A particular feature of electronic spreadsheets is the ability to view data in graphic form--to visually inspect important trends and characteristics of one's data. Consider, for instance, a user who has created a spreadsheet storing a year's worth of sales figures for various product lines. Suppose the user desires the sales data to be presented graphically, so that the user can, say, easily determine the peak sales months for each product. Conventional spreadsheet systems include a multitude of graph types for this very purpose. The user would proceed to select the data cells of interest and then pick a desired graph type for his or her data.
A problem exists, however. The user has no formal training in graph theory and is, in fact, quite bewildered by the vast selection of graph types. And to make matters worse, the user has not had an opportunity to master the user commands necessary for choosing among the various graph types because, like most other users, the user has not had time to read the user manual. With conventional electronic spreadsheets, therefore, the user must not only understand which graph type is appropriate for his or her data, but the user must also master the user commands necessary for selecting a particular type from among the numerous types available. Finding conventional approaches daunting, therefore, most users simply accept whatever default graph type is provided by his or her system. Unfortunately for the user, the default graph type provided by the system is no more suited from revealing important trends and characteristics of the user's data than if the user had simply selected a graph type at random.
The system of the present invention includes an electronic spreadsheet having a graphing module for visually presenting a user's data. Methods and interface are provided by the system for automatically formatting a graph based on the contents and layout of user-selected information. In particular, the present invention includes methods for determining the level of complexity present in one's data and for selecting a preferred graph type based on the determined complexity. In this manner, the present invention allows a spreadsheet user to prepare sophisticated graphical presentations of his or her data rapidly, with minimal user input or knowledge.
In a preferred method of the present invention, a graph is created as follows. First, a user selects information cells of interest (e.g., a block of spreadsheet cells). Next, the system determines the level of complexity of the user-selected information. In a preferred embodiment, the system partitions the information into one or more data series (based on values contained within the cells); the partitioning can be done manually by the user if desired. The system then determines how many such series exist, and how many data points exist within each series.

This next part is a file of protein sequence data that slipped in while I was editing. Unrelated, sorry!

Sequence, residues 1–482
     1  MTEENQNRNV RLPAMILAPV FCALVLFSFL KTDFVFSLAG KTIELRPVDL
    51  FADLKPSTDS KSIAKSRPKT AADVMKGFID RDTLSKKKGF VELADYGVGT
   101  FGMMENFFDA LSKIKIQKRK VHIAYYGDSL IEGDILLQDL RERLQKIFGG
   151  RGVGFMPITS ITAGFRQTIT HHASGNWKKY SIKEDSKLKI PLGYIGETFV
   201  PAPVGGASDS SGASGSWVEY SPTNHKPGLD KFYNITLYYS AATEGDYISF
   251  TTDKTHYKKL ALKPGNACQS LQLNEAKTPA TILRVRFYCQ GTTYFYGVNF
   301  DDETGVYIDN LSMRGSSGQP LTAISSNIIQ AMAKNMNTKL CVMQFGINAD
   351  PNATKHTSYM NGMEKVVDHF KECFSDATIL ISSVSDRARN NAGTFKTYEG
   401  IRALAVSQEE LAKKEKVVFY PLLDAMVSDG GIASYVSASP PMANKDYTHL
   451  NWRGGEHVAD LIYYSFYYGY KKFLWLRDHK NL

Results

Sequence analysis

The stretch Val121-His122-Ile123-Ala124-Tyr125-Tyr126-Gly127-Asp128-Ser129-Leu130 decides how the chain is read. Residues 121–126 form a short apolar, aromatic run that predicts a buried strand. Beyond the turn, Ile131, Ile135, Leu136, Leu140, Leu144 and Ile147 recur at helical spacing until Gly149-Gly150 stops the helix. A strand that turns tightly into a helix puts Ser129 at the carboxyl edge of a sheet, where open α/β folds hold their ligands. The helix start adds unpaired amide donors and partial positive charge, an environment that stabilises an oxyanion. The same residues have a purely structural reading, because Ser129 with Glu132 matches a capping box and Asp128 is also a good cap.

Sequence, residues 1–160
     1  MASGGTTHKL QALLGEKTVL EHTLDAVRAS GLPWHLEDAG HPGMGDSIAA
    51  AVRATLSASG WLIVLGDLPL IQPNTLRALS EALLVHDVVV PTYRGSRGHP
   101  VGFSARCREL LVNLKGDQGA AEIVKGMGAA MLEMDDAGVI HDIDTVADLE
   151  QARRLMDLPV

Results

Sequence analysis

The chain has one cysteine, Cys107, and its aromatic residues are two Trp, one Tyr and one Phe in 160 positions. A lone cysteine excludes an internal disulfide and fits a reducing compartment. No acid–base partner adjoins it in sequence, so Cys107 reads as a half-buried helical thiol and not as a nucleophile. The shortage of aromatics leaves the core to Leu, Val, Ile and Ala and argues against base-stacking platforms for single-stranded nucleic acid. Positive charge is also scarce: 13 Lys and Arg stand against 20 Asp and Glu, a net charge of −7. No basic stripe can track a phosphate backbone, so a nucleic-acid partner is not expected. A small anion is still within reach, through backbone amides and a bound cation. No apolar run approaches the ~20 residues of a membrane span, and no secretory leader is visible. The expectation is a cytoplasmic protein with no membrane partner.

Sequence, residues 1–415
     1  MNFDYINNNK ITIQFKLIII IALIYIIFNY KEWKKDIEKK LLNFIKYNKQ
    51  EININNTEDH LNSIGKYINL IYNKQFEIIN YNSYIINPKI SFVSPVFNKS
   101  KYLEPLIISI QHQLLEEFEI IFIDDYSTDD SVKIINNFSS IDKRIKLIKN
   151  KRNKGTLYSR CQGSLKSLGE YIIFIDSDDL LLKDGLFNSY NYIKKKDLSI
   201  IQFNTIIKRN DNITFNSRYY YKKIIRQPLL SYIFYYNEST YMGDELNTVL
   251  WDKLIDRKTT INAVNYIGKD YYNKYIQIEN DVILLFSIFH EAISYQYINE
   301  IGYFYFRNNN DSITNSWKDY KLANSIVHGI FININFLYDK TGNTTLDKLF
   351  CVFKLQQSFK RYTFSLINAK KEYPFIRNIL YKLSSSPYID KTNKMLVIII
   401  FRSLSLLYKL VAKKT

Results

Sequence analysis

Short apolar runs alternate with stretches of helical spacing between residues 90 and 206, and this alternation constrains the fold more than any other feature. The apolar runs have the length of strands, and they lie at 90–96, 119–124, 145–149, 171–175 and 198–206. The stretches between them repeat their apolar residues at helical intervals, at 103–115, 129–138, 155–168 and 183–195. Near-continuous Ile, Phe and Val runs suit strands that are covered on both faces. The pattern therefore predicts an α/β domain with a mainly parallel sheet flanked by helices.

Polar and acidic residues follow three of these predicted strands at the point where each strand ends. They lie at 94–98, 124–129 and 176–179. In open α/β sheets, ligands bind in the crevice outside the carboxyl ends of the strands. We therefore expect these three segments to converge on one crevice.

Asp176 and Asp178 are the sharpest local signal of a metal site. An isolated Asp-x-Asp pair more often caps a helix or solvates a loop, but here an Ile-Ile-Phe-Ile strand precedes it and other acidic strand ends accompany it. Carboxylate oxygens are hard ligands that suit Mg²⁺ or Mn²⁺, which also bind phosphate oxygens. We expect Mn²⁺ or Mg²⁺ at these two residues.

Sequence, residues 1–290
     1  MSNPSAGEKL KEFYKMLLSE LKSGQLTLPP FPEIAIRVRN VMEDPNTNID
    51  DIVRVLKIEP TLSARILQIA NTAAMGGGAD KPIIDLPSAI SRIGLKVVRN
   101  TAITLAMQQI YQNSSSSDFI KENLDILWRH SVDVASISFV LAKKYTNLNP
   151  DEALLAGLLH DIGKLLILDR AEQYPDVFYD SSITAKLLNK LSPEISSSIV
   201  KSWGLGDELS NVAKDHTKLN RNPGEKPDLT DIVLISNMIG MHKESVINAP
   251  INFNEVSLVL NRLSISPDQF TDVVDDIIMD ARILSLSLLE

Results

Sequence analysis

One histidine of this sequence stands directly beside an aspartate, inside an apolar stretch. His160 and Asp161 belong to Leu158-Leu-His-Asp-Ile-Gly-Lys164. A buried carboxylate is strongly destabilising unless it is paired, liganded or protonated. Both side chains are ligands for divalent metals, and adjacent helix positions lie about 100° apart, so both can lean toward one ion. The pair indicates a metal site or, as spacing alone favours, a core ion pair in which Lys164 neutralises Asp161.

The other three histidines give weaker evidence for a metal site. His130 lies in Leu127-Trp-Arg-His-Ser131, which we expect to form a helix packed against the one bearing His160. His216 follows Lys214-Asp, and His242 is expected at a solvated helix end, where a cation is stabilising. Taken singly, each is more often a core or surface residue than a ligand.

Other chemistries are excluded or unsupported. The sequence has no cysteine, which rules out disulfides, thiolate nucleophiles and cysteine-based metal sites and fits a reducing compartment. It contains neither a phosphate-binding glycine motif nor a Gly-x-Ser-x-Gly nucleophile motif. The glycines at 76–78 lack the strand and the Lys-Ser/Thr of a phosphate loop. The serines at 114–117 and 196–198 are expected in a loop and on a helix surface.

The system assigns a relative complexity based on the number of data series and data points. For instance, if a data set includes just a single series having relatively few data points, the system of the present invention treats the data series as one of little complexity. If, on the other hand, a data set includes multiple data series and numerous data points within those series, the system treats the data set as one of greater complexity.
After determining the level of complexity present in the data set, the system of the present invention proceeds to select a graph type appropriate for the data set. A simple data set may take a simple graph type, such as a "pie" graph. For a complex data set, on the other hand, the system of the present invention selects a graph type better suited for more complex data sets. Data sets determined to have multiple data series, for instance, are presented with 3-D graph types (which allow the individual data series to be better visualized). If desired, the method may include examination of data types (e.g., from among fixed, scientific, currency, percent, date, time, text, and user-defined data types) and values (e.g., numeric positive and negative) for further aiding in graph/chart selection. For instance, a "pie" graph would be inappropriate for plotting both positive and negative values; an aggregation graph, however, would be suited for such a data set.
At the conclusion of the method, the user's data is plotted with the system-selected graph type; alternatively, an intermediate dialogue may be added to allow the user to accept or reject the system-selected graph type (or subset of preferred graph types selected from the set of available graph types).
FIG. 1A is a block diagram of a computer system in which the present invention may be embodied.
FIG. 1B is a block diagram of a software system of the present invention, which includes an operating system and optional application software, including an electronic spreadsheet system.